Alternative Business Finance: What Are the Options?
With traditional bank lending in decline, this guide outlines the alternative funding options for early-stage and fast-growth businesses
It’s no secret that access to business funding dried up dramatically after the financial crisis in 2007. Unfortunately, the issue has persisted ever since, and many firms still find it excruciatingly difficult to access loans the old-fashioned way, in particular early-stage and fast-growing businesses.
Now it seems that government focus has shifted from trying to force or incentivise banking giants to lend more money, to finding ways of obliging them to recommend alternative business finance. A shift in attitude made clear in the recent Queen’s Speech, which ushered in new legislation telling big banks that they will now have to point would-be borrowers in the direction of alternatives when they cannot access bank loans.
But what are the alternative sources of business finance?
Well, there are several, and they are growing fast in popularity. Broadly, they can be categorised as those that rely on the business using their existing assets to raise funds, those that use new information sources to lend more effectively based on cashflow, and those opening up new sources of capital such as ‘crowdfunding’. Key to the appeal of alternative finance providers is simply that they offer funding at a time when traditional sources are blocked for many firms.
Asset finance allows a company to use their physical assets such as machinery, printers or vehicles to access loans and provide the vital lifeline of cash. Different lenders offer differing terms, so it is important to get the right advice and to understand exactly what any such deal really entails. Although relatively low profile, traditional asset finance is currently a vastly bigger source of non-bank funding than more press-worthy new online alternatives.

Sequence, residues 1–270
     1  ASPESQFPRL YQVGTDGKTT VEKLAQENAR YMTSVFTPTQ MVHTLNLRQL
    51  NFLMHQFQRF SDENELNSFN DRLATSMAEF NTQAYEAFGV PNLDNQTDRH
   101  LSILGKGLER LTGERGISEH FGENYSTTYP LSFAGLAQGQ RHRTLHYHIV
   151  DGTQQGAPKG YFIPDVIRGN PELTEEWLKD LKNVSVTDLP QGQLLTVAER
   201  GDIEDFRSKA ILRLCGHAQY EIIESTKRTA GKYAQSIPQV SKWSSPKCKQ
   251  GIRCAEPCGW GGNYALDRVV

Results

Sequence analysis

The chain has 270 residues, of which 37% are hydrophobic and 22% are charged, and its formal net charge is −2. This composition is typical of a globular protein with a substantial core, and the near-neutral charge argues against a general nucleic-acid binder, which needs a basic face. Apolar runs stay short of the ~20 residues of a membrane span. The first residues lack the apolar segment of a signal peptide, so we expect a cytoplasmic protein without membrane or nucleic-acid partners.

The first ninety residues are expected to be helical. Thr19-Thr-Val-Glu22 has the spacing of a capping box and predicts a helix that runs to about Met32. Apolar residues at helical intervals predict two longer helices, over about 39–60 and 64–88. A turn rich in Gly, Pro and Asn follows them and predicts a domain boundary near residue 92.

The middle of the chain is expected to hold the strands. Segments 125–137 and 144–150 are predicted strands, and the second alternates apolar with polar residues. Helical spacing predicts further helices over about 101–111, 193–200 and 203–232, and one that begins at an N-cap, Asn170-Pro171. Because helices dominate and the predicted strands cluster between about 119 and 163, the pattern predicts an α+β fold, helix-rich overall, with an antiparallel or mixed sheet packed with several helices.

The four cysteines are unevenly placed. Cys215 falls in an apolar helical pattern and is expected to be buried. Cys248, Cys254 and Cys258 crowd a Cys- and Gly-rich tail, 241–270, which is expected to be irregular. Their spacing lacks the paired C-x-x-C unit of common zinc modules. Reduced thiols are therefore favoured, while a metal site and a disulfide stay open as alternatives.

Invoice finance, more commonly known as factoring and invoice discounting, is an important means of raising funds based on invoices owed by customers. In some cases, invoice finance can be accessed online through selling invoices to the highest bidder. Ultimately though, the key ingredient in the appeal of invoice finance is its immediacy and certainty, invaluable to businesses needing urgent or flexible funding, whether to resolve a crisis or to support rapid growth.
Cashflow Finance refers to a new breed of short-term lenders, often taking advantage of new electronic data sources such as credit card receipts or online sales through platforms such as eBay. The withdrawal of traditional bank overdrafts has led to a plethora of new lenders focussed on these fast business loans, each with a particular niche; the trick is knowing where to look.
Crowdfunding and peer-to-peer lending
Finally, Crowdfunding and Peer-to-Peer Lending are innovative new types of finance, based around groups of individuals lending or investing through online platforms, in exchange for rewards or equity (depending on the model). Although currently small, this sector has seen extraordinary growth in the last few years, with no sign of slowing any time soon.
Inevitably, if businesses can’t turn to banks for funding to stabilise or grow then they will look elsewhere, and this is undoubtedly happening on an increasingly large scale. The government’s new measures to oblige banks to inform their rejected customers of alternative financing options is a positive step, and one that will surely add further momentum to this positive trend.
Conrad Ford is the managing director of Funding Options, is a free Finance Finder service to match firms with the right alternative finance products and providers